Lice in Dogs and Cats

Lice are an uncommon parasite in dogs and cats in the U.S. Lice infestations can occur in animals in any environment, but they’re more common in animals that live in crowded or filthy conditions, in animals that aren’t observed as closely or often, etc. (Frequent, close examination of the animal’s skin and hair helps prevent one louse from having the opportunity to turn into an infestation.) Lice are host-specific. Human lice affect only humans. Dog lice affect dogs. Cat lice affect cats. Rarely, a dog or cat louse might end up on a human, but it doesn’t stay there. Children who have head lice get them from other humans.

Lice are flat, six-legged, wingless insects that can be seen with the naked eye. (This makes diagnosis easy.) Lice don’t move much or quickly. They spend their entire 21-day life cycle on a pet. They lay eggs, which are called nits, on the shafts of the hair. Nits are easy to see. They attach only to the pet’s hair and look like white flakes on the hair shaft.

There are two kinds of dog lice. One (Trichodectes canis) chews skin; the other (Linognathus setosus) sucks blood. The blood suckers cause more skin irritation than the chewers do because they break the skin.

There is one kind of louse (Felicola subrostrata, a chewing louse) that affects cats.

What you will notice with either type of louse is severe itching and a scruffy dry coat with bald patches. Lice generally congregate around the ears, neck, shoulders, and anus, so those areas will be most affected.

Because puppies have a small volume of blood compared to adults, they are more likely to become anemic as a result of the blood sucking lice. In severe cases, a dog could lose about one-fourth of his blood to lice within a few months, and end up anemic or in shock.

Transmission

Both types of dog and cat lice are transmitted by direct contact with an infested dog or cat, or by contact with nit-contaminated grooming equipment, bedding, etc.

Diagnosis

Your veterinarian can diagnose a louse infestation just by looking at your pet.

Treatment and Prevention

Lice are usually fairly easy to eliminate because they haven’t yet built up any resistance to insecticides.

There are several treatment options your veterinarian may employ. The veterinary clinic employees may bathe your dog with an insecticide shampoo to quickly eliminate the adult lice, and then use an insecticide spray or powder to continue the job. They may use fipronil (Frontline) or Selamectin (Revolution). Whether insecticide powder, fipronil, or selamectin are used, treatment will be repeated to kill lice that have hatched from the eggs. Commonly, the pet will be treated every two weeks for three to four treatments. However, in some cases, treatments may be needed every seven days for two to four treatments. If your pet continues to have louse infestations after that point, your veterinarian may switch to another treatment, and may suggest environmental control.

If the coat is matted, the matted areas (or even the entire pet) should be shaved.

Clean grooming equipment after every animal. Places that have larger turnover, such as rescues, shelters, and boarding kennels, may encounter more animals that carry lice so sanitation is particularly important.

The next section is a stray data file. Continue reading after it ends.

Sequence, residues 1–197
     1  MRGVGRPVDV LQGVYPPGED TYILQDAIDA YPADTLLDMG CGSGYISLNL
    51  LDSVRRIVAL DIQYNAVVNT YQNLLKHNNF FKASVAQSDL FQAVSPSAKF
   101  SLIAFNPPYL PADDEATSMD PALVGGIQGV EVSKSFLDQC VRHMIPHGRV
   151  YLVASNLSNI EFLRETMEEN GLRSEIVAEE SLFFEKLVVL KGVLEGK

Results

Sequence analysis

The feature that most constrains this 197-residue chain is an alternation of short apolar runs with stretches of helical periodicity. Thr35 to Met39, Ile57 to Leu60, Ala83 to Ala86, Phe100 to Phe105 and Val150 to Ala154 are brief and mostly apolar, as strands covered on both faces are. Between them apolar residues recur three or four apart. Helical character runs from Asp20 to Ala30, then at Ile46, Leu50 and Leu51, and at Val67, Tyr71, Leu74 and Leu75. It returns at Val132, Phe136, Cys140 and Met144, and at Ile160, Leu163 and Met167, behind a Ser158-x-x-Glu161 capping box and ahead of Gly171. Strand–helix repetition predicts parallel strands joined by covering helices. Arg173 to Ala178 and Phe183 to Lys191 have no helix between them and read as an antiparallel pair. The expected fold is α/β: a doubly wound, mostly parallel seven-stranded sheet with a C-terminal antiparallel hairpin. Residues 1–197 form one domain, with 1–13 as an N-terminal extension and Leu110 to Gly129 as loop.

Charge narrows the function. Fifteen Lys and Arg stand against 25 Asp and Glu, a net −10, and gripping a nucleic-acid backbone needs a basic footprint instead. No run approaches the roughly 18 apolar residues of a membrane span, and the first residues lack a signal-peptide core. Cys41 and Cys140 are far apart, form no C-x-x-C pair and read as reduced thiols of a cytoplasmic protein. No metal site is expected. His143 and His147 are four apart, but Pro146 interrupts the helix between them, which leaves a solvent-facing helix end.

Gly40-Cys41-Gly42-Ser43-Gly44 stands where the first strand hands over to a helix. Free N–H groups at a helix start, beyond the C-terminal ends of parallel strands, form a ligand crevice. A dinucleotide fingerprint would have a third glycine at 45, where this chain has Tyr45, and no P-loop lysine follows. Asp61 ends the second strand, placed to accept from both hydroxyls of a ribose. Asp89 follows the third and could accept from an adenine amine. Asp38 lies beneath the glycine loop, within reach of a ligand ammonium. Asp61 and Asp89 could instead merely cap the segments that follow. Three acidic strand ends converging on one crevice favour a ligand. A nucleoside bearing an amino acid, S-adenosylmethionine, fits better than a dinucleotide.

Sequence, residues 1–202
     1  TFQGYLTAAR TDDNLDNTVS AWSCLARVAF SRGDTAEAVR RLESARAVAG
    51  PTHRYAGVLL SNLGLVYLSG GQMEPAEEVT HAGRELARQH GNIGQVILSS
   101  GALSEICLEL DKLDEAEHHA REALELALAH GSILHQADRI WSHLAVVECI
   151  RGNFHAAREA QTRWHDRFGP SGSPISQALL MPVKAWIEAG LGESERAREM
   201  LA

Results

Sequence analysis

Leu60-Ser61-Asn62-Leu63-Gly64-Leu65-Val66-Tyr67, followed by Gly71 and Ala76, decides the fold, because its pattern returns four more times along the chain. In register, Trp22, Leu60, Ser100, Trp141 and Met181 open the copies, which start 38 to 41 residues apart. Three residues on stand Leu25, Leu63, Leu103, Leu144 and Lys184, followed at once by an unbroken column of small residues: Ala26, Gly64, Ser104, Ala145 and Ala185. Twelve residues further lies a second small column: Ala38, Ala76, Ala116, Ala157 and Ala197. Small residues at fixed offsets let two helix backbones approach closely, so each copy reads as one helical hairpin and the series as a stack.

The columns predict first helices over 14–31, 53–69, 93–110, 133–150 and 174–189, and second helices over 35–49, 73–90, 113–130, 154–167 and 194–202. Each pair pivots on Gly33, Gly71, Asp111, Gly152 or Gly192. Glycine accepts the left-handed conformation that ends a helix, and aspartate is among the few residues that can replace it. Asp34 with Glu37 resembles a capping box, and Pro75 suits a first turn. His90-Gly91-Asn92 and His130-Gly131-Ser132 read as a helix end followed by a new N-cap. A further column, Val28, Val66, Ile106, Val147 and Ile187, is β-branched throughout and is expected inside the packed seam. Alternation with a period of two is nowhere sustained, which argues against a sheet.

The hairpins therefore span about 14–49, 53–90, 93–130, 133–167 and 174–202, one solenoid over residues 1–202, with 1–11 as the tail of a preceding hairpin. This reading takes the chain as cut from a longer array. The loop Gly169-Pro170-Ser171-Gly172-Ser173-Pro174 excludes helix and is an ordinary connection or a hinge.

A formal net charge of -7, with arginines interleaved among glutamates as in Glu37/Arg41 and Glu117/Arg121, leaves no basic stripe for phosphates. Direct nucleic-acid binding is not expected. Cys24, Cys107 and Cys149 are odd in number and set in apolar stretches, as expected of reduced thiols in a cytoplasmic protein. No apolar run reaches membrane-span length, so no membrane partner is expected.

Dispose of or wash bedding.

Although it’s not usually necessary to use a fogger for environmental control of lice, it might be needed in a severe infestation.

cat-skin-problems

Southern Hills Animal Hospital
3827 Hite St. SW
Roanoke, VA 24014-2377
540-343-4155
Southern Hills Animal Hospital

Advertisements

Dental Care and What to Expect if your Pet Needs it

Root canals, dental x-rays, braces, crowns, caps, implants, and periodontal surgery for pets? You must be kidding! Not at all. Dental procedures are performed daily in veterinary practices. How does a loving pet owner know if dental care is needed, and where can a pet owner go for advanced dental care?

Examination is the key to diagnosis and helps determine the type of treatment needed. The veterinarian needs to know what to look for. A pet owner can help by examining their pet’s teeth and mouth at least monthly. First smell your pet’s breath. If you sense a disagreeable odor, your pet may have gum disease. Periodontal disease is the most common ailment of small animals and is treatable.  Gum problems begin when bacteria accumulates at the gumline around the tooth. Unless brushed away daily, these bacteria can destroy tooth-supporting bone, cause bleeding, and tooth loss. Usually the first sign is bad breath.

If your pet is experiencing frequent pain or refusing to eat, has changed chewing habits, or has moderate to severe mouth odor, then an oral problem is probably the cause.

When examining your pet’s mouth, look for tooth chips or fractures on the tooth’s surface. Contrary to their popularity, chewing on cow hooves, antlers, rocks, bones, or other hard materials may break teeth. If the fracture is deep you may notice a red, brown, or black spot in the middle of the tooth’s surface. The spot is the tooth’s nerve and inside vessels, which when exposed to the oral cavity may eventually lead to a tooth painful abscess.

When your home exam reveals dental problems or if you are still uncertain, a trip to the veterinarian is in order. The veterinary oral examination will begin with a complete visual examination of the face, mouth and each tooth. Frequently pet’s mouths have several different problems that need care. The veterinarian will usually use a record chart similar to the one used by human dentists to identify and document such dental problems.

A more detailed exam then follows. Unfortunately cats and dogs cannot point to dental abnormalities with their paws, and to determine the proper treatment plan, other tests are usually necessary. General anesthesia is essential for a proper tooth-by-tooth evaluation. There is a wide array of safe and effective anesthetics and monitoring equipment that make anesthesia as safe as possible.